REAL ESTATE LAW
BY BEN DOYLE
There is no Colorado statute defining the nature of affordable housing covenants, and there are few reported decisions on point. Therefore, practitioners must carefully draft regulatory covenants to capture the intent of the government and the grantor. This article considers the terms these covenants should include.
This two-part article aims to assist public and private sector practitioners with negotiating affordable housing covenants, with a focus on agreements imposed as a condition of local land use approval.
Part I of this article, published in the July 2019 issue, described the most common ways affordable covenants are created in Colorado, how each type of covenant is affected, if at all, by the rent control statute, and the exception in the rent control statute that allows for "voluntary" agreements.
This Part II is a transcript from a hypothetical pre-application meeting between a developer and a town planner, along with each party's counsel, to discuss the terms a voluntary affordability covenant might include.
Meeting at the Town Planning Department
Developer: Thanks for meeting with us today to discuss our project. We're really excited about our plans and we think the town will be as well.
Planner: Sure thing. We're glad you've come in to talk about our land use process before submitting your application.
Developer: Maybe it would help if we start with an overview of our project. We own about an acre of land near downtown. We'd like to redevelop it with a mix of housing and a few small commercial spaces, with most of the housing affordable to people making 60% of area median income or less. We know the town has a well-documented need for more workforce housing. We're new to Colorado, but we've talked with our counsel and we understand that the town code encourages affordable housing.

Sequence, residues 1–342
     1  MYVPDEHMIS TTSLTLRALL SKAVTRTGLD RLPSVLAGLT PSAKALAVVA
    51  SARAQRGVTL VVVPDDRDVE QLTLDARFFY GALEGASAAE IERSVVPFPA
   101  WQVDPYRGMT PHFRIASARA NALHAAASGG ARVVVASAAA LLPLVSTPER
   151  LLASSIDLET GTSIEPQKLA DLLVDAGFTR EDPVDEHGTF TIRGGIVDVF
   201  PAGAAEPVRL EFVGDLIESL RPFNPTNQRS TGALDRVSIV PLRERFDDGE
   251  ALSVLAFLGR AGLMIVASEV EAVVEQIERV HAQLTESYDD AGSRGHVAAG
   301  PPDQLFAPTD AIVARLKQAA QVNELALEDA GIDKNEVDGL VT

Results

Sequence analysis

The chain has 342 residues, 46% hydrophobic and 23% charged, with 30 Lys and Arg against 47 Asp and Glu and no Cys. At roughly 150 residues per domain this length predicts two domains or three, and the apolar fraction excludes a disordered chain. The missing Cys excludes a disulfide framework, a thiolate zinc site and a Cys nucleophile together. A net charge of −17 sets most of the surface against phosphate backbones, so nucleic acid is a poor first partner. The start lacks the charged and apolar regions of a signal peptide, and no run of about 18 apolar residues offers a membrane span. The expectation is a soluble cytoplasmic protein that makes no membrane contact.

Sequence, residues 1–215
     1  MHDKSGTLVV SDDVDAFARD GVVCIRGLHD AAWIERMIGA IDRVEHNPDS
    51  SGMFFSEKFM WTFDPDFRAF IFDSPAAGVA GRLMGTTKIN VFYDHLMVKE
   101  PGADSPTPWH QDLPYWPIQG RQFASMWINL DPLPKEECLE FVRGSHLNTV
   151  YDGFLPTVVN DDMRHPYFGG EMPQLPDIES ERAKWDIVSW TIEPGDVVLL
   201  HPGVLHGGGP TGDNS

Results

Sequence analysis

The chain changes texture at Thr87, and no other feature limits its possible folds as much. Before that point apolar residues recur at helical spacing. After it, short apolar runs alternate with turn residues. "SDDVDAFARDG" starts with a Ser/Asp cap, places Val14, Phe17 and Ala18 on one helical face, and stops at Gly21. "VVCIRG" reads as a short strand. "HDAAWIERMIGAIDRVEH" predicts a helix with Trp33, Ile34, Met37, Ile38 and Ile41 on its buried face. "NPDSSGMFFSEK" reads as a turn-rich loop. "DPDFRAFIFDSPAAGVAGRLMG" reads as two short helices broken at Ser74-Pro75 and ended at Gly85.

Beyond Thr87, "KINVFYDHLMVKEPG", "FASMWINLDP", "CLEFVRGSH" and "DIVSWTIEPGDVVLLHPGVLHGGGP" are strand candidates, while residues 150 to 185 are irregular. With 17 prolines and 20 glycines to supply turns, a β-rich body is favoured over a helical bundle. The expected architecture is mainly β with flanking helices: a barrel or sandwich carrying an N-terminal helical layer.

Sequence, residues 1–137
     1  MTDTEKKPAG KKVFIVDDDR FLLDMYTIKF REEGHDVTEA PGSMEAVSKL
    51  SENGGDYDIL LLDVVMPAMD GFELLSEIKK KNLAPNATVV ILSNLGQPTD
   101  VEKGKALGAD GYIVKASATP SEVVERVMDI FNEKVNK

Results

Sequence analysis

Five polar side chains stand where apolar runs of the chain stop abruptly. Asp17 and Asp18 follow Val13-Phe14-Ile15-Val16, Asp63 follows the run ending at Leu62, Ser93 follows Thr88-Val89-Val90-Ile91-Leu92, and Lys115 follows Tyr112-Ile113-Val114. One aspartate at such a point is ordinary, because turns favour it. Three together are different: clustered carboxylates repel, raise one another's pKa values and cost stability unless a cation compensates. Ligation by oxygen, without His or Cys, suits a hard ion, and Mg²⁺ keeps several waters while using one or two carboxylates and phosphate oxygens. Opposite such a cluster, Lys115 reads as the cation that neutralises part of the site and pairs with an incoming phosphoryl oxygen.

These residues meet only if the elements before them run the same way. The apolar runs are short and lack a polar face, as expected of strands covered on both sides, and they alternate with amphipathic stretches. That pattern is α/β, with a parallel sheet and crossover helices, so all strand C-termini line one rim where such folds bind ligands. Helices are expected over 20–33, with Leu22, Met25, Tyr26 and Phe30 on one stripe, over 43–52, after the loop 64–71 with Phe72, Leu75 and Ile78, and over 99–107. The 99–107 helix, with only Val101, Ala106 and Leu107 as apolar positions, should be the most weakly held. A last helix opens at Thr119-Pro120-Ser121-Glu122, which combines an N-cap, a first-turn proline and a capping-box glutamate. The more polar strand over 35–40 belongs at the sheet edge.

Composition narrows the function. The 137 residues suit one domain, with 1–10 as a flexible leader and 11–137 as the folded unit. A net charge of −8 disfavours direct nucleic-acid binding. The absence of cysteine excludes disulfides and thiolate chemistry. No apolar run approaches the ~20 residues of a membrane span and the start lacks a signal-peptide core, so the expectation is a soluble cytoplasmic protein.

Planner: That's right, we adopted an inclusionary housing program several years ago. Our program requires that anyone building residential units contribute to our affordable housing goals, with a variety of ways to comply.
Inclusionary Housing Compliance Options
Developer: I've heard a little about inclusionary housing, but tell us more about how your program works.
Planner. Well, a residential developer can choose to create affordable units off-site, either by new construction or by deed restricting an existing building. Alternatively, you can find vacant land to dedicate to the town for affordable housing. If none of these options is feasible, you can make a cash-in-lieu payment to the town. Are you planning on building rental or for-sale units?
Developer: Apartments for rent.
Planner: OK. We ask because if you were building for-sale units, you could choose to deed restrict a portion of those units to satisfy the ordinance. But if you're building rentals, state law prevents us from mandating rent control on-site as a condition of granting land use approval.
Developer. My lawyer mentioned something about this—is that the Telluride1 case?
Town counsel: That's the one. In 2000, the Colorado Supreme Court held that Telluride could not require developers to deed restrict rental units on-site as part of its inclusionary program.2
Developer: I see. The thing is, we don't own any other property in town, and we don't really want to pay cash-in-lieu. It's expensive enough to build here already. We'd rather get credit for deed restricting the affordable rental units on-site that we're planning on building.
Planner. Hmm. Are you working with any of our local housing authorities by chance?
Developer. Not yet. I've been meaning to reach out to see if they might be willing to partner with us. It would be great to have them on board to help identify potential tenants and provide services to residents.
Planner. That makes sense. Another tiling to consider is that, in some circumstances, if an authority has an ownership interest in your project, your project is eligible for exemption from property and sales and use taxes.3
Developer. Good to know. I will follow up with Them separately. For purposes of today's discussion, assume they are not involved in our project.